Avoiding Colony Syndrome with Portuguese Website Translation
A Growing Impact of Website Translation on South America
With more and more businesses utilising website translation services as part of their expansion protocol, integration into a once untapped markets is becoming a more commonplace. For fashion and music businesses especially, the South American markets offer a lucrative customer base – a public who traditionally spend generously in the leisure and arts areas. From DJs to Fashion designers, many small creative businesses are looking to get a foot into the big South American markets where Portuguese is a major language so they can grow without the heavy competition found in Britain, America and Central Europe. Brazil is the go-to place for young, start-up creatives who want to push ahead of their static Anglo-European rivals.
Website translation is a vital service for many of these Europe based creatives who wish to blend in quickly with local consumers, but they often encounter a problem. That problem is Colony Syndrome, and it is an issue which has hampered many cross-continental expansion projects from Europe to South America. It describes the incredibly common business habit of seeking out Spanish or Portuguese website translation, as designed for use in Spain andPortugal respectively, and using it in South American markets such as Argentina and Brazil. The problem with doing this is that it doesn’t fully take into account the vast differences between, say, native Portuguese and Brazilian Portuguese. This fairly ignorant approach has backfired on many businesses in the past, but thankfully the much improved translation services sector is beginning to advise clients of the pitfalls and urging them to adopt South American-specific translations.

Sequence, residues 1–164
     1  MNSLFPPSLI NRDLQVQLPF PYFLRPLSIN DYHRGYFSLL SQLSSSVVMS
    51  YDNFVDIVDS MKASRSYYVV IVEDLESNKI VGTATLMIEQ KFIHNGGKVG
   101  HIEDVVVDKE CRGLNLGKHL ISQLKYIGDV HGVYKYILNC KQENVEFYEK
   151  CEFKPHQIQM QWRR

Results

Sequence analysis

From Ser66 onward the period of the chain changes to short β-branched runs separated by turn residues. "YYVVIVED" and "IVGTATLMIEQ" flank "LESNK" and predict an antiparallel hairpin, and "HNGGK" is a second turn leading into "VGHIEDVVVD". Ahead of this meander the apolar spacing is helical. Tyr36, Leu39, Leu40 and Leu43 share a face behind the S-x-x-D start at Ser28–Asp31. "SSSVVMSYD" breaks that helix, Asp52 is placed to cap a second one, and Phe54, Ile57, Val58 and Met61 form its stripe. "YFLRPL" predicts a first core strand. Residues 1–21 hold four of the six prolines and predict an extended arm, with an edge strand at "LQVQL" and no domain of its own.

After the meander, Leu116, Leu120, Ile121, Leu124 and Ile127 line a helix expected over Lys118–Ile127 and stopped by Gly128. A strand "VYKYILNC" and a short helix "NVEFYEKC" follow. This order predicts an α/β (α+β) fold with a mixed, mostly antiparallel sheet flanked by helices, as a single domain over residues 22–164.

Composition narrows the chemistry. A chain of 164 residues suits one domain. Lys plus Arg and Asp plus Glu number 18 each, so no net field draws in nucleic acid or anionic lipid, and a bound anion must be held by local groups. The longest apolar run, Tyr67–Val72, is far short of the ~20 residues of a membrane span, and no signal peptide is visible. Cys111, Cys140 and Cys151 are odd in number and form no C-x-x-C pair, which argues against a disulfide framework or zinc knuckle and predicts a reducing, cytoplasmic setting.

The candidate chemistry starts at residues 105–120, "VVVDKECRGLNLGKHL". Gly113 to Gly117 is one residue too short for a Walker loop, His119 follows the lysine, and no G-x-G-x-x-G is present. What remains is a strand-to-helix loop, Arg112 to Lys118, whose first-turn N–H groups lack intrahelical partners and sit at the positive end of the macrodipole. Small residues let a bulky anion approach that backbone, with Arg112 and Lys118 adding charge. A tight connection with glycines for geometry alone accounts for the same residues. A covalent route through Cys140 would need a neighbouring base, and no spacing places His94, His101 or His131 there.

Certainly, for a Brazilian consumer logging onto a business’s website only to be confronted with a Portuguese flag as an indicator of his or her preferred translation does little for cultural integration and empathy between company and consumer. Furthermore, for the small creative businesses that often look to approach the Brazilian market, this cultural awareness and empathy is vital in gaining a foothold in the relevant ‘scenes’ in Brazilian cities. Fashion designers may rely heavily on the use of localised terms and insignia when looking to breach their South American target audiences, but knowledge of such words and symbols will be lost without the appropriate, relevant translation. For young start-ups heading for Brazil, treating your target market as a Portuguese colony will get you nowhere.